I’m attempting to fly an airplane to the northeast today for a weekend wedding so I won’t be posting today. But since this is a pledge drive week at MPR, I guess I’ll do what my radio colleagues do and bring back some old “shows” you might’ve missed. These are some of my favorites and if it inspires you to tell me about similar people whom I should write about, all the better. firstname.lastname@example.org
(From April 25, 2008)
Next month, female veterans of World War II will be given a well-deserved honor in Minnesota: a recognition that they did their part. Virginia Allen of Minneapolis would like to see volunteers officially recognized as veterans, too.
The word volunteer doesn’t begin to convey her service, which took her from helping the most seriously injured fliers at a Florida hospital to rallying morale in Burma as “G.I. Jill,” the antidote to the anti-American messages of Tokyo Rose.
When the war broke out, she told me recently, she knew she had to do something. “Anyone who was not patriotic was totally ignored and rejected by one and all,” she said. “The more involved you were, the more important you felt because you were doing something for the country.”
Allen, now 89, had graduated from William and Mary and had hoped to move to France, but the war had other ideas and she volunteered at a hospital in Florida.
“The hospital I worked in had the worst possible injured, poor flying guys I’ve ever seen. I was supposed to be a secretary. I was very bad at that. I could sort of type so they kept me there in the physical therapy department in order to be sure that I could handle what I was going to see. I worked with these guys and my job literally was to look at them, chat with them, and maybe they wouldn’t even have a face left. Maybe they were just like a stick for a leg or something. We’d talk about, ‘OK if you aren’t really working out, how are we going to dance?’ It was that type of lingo that went over and I soon became quite comfortable looking at bashed-up people, which is unusual since I’d never seen anything like that.”
Virginia worked as a civilian employee for Army Intelligence, which gave her more information about what was going on than many of her contemporaries. And when a young soldier to whom she was engaged was killed in a plane crash in Africa, she decided she wouldn’t get involved with anybody until after the war. Still, she had a sense of wanting to do more. She headed overseas.
She and her best friend joined the Red Cross, got on a special train and headed to New York and, she presumed, France. “When we woke up, we saw cornfields. We were heading west. After training at a California Marine base, she and her best friend boarded a ship, the destination of which was secret. They ended up in Calcutta. “I had seen the bashed-up GIs, thank God, because I don’t know if I would’ve been able to make it through all that happened in India,” she said.
She ended up in Agra, a desert outpost full of C-46 cargo plane repairmen where she set up a Red Cross club, broadcast as G.I. Jill, and worked to keep morale up. “I took the GIs to see the Taj Mahal, we held dances, and we went to leper colonies.”
“I was over at the hospital one night because a GI sent for me and he asked me if I would write a letter to his parents because he had a rotten cold. I sat down beside him and we talked, and he really looked terrible. The next day he died. It was the first (case of) polio among GIs. Then we had an epidemic,” she said. To keep morale up, “you simply did not advertise it. We held volleyball games, we dug a golf course out of the ground, horseshoes, anything we could think of. Nobody knew how to treat polio.”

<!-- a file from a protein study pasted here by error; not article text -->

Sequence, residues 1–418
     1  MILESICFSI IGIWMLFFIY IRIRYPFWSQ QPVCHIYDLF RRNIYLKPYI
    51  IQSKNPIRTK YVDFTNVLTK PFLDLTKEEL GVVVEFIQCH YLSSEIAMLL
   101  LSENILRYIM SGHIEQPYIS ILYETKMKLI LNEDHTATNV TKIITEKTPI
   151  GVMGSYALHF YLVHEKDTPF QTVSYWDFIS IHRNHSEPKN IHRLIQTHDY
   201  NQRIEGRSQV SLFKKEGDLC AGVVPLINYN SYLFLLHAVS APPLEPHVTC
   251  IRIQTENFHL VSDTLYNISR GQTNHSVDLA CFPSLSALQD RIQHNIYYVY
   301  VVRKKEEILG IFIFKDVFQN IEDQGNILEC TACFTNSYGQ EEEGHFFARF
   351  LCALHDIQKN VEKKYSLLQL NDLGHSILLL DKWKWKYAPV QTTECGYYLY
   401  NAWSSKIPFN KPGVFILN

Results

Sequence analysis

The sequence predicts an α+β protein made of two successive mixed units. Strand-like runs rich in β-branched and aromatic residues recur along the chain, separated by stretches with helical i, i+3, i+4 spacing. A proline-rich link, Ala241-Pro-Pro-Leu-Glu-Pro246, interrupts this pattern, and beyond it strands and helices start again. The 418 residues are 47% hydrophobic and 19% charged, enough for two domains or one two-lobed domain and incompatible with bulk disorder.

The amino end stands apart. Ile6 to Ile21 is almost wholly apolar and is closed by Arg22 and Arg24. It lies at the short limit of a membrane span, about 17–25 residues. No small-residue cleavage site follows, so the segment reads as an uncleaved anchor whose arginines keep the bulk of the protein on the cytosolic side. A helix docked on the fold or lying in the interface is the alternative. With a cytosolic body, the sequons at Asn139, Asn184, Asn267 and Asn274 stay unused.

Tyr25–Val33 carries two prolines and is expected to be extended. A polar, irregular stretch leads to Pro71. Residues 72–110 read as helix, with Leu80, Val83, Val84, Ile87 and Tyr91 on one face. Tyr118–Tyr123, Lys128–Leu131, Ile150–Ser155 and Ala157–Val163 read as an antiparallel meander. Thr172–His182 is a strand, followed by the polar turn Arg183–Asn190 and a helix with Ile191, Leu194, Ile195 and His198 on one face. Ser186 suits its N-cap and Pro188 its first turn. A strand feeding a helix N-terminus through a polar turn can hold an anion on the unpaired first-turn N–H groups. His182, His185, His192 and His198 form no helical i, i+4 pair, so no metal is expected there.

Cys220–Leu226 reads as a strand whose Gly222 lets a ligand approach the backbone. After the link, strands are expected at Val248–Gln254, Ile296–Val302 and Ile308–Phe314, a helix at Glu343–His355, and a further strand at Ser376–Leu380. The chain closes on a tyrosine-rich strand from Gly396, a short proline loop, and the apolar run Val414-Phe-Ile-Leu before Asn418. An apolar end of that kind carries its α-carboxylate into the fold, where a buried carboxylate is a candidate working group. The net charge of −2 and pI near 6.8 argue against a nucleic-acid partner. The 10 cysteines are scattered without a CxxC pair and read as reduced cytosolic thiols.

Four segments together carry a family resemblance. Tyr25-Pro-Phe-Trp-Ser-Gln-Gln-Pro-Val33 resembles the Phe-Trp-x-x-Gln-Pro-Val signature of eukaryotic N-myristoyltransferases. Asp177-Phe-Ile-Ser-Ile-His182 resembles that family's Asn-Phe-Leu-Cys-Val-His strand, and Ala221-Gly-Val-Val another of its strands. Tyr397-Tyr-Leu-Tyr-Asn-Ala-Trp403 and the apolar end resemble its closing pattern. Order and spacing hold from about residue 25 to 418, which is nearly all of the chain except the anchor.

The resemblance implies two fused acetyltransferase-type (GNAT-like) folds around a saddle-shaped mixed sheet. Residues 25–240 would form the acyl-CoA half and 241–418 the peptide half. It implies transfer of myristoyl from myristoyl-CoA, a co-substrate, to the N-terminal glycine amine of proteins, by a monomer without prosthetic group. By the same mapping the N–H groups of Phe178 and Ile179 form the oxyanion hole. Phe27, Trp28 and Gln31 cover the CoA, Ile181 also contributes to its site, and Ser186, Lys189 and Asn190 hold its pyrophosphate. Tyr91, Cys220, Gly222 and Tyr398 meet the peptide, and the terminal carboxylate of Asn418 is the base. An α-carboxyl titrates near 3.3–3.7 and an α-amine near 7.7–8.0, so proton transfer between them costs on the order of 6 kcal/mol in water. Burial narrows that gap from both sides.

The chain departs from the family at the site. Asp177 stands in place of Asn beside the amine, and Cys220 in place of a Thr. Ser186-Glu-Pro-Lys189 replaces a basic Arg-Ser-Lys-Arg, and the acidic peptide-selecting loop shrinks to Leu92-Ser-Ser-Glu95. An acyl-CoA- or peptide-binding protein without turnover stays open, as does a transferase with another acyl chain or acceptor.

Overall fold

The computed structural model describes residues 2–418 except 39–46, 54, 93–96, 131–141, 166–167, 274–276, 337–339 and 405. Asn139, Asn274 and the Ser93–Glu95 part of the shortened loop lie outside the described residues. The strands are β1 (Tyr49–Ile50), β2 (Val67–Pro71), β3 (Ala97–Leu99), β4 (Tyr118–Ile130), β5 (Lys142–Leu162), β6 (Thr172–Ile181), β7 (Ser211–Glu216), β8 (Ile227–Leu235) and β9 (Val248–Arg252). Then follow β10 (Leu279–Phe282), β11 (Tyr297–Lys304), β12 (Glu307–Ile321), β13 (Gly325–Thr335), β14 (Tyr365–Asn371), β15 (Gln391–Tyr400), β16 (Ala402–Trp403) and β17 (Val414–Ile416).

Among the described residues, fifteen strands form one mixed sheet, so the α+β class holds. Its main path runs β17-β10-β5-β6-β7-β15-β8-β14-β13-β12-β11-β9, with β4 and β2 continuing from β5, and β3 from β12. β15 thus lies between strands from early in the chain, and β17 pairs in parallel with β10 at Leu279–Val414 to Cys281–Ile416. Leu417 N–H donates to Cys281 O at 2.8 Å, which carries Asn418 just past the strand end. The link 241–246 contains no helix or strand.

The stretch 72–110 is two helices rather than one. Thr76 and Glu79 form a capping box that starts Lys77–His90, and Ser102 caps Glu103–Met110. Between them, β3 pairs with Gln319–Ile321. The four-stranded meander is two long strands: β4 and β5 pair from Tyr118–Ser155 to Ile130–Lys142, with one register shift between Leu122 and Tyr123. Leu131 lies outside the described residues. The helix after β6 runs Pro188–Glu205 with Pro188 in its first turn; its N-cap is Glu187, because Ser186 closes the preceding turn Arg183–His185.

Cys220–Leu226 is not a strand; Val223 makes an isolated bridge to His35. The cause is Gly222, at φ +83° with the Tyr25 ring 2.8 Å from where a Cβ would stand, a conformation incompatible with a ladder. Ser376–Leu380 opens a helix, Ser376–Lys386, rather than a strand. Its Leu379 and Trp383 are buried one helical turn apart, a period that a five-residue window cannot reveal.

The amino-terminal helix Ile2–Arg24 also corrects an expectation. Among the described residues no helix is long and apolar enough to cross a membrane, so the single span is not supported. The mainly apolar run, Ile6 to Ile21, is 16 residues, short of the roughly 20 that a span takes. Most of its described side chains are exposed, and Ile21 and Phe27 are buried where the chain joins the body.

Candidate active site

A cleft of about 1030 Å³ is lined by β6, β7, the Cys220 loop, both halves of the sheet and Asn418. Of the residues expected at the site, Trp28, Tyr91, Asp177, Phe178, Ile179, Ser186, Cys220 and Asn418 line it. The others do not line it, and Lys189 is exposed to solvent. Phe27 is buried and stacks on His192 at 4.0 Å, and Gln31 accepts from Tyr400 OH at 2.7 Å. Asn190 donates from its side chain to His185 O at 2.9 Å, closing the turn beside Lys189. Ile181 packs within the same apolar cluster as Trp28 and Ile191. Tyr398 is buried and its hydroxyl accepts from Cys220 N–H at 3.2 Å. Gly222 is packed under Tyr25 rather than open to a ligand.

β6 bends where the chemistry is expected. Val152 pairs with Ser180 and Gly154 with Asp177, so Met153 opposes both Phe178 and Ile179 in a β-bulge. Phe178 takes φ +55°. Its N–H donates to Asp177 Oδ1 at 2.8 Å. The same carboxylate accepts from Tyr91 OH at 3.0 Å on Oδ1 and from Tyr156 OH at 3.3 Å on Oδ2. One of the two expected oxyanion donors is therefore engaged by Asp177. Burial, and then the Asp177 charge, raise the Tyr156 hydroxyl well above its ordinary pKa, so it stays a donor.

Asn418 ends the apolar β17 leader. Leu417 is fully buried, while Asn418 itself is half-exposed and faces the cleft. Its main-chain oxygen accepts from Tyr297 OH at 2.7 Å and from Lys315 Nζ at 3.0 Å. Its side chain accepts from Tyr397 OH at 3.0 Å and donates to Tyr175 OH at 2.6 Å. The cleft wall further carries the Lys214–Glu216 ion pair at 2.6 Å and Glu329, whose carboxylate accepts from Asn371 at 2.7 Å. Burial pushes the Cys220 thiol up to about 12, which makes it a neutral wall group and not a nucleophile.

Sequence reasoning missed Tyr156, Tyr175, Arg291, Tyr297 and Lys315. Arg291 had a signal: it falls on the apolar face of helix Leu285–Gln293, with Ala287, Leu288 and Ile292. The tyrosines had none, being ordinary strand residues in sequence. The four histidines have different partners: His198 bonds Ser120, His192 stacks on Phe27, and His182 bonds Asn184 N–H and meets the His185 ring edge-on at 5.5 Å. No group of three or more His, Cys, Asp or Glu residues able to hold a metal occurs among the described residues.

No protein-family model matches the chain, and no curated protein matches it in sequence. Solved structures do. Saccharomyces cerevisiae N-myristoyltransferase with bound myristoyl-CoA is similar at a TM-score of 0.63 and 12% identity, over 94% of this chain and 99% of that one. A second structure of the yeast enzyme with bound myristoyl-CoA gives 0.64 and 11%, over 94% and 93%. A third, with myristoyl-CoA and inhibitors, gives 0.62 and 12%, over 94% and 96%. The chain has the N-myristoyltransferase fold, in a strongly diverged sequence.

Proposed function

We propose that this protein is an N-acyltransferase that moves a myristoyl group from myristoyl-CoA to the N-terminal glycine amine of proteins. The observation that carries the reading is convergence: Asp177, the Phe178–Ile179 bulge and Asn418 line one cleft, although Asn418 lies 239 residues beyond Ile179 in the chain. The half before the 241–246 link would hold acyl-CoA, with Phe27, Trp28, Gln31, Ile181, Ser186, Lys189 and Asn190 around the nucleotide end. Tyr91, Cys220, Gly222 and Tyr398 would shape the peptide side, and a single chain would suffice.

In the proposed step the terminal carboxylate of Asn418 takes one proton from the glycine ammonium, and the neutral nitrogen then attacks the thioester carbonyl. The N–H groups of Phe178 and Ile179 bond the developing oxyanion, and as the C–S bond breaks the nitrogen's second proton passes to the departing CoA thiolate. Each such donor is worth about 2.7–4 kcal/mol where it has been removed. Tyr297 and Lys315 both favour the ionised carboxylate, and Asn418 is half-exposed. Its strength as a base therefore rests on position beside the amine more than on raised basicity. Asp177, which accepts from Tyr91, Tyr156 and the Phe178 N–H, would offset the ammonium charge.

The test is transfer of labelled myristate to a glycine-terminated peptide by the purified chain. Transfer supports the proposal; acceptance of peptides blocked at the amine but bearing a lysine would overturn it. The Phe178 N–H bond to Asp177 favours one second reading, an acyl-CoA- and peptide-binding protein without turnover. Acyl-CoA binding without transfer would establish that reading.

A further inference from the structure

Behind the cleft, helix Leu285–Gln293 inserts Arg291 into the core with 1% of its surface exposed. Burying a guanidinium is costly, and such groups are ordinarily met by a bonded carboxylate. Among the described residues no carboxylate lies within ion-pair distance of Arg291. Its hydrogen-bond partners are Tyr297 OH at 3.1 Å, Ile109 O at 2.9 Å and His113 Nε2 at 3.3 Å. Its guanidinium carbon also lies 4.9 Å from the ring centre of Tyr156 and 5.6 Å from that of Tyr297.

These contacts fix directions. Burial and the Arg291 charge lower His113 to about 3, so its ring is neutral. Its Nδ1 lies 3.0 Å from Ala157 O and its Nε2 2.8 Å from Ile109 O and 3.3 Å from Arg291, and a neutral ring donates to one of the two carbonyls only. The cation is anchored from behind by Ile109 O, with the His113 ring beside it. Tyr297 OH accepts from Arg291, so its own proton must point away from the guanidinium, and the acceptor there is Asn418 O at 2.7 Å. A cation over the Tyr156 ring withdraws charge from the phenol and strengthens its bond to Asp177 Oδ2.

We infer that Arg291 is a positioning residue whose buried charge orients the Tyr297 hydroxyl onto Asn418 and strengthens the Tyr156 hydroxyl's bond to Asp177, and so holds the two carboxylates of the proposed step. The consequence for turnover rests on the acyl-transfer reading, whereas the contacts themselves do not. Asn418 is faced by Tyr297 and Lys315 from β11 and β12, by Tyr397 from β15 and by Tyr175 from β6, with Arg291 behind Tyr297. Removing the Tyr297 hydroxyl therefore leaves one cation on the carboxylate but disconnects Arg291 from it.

“You don’t have time to think of your morale, you’re too busy to think about their morale. That’s the thing that saved us. If they were down we had to dream up something. We even had a program called ‘manners.’ These guys requested that over and over again. We did it as an experiment,” she said.
Her G.I. Jill radio program competed for the same audience as Tokyo Rose: the American G.I. Virginia said she never thought about countering Tokyo Rose by trying to direct propaganda to Japanese soldiers. “We didn’t give a hoot what they heard. I didn’t want to be responsible for giving them any information at all. We could break down an awful lot of the stuff that she was telling us as just hogwash.”
“Did you listen to her?” I asked.
“Yes,” she said. “Whenever I had a minute.”
“Did you see her as your competition?”
“We were coming from two different places. And she lied and I didn’t,” she said.
Through the war in China-Burma, Virginia Allen did her job, putting on shows, playing music, teaching manners, writing the last letters home for soldiers. She is one of 16 people to be put in a Library of Congress collection on the China-Burma theater of war, considered the “forgotten theater.”
She wants to be sure the volunteers in the war aren’t forgotten, too.
“We are treated like veterans in every way except we have no benefits whatsoever,” she said. “There were a number of people who needed help, who really would’ve liked to have been able to go to a veterans’ hospital for help. (They treated) us as veterans whenever it looked good, but never really recognized us completely as veterans. We went off to war. There were guys who were enlisted who (had to be ) dragged to go off… hated it. We could’ve stayed home and danced with all those people. That was the easy way out.”
“You were required to be brave. There were people who dropped out and went home,” she said. “But most of us didn’t.”
Audio highlights with Virginia Allen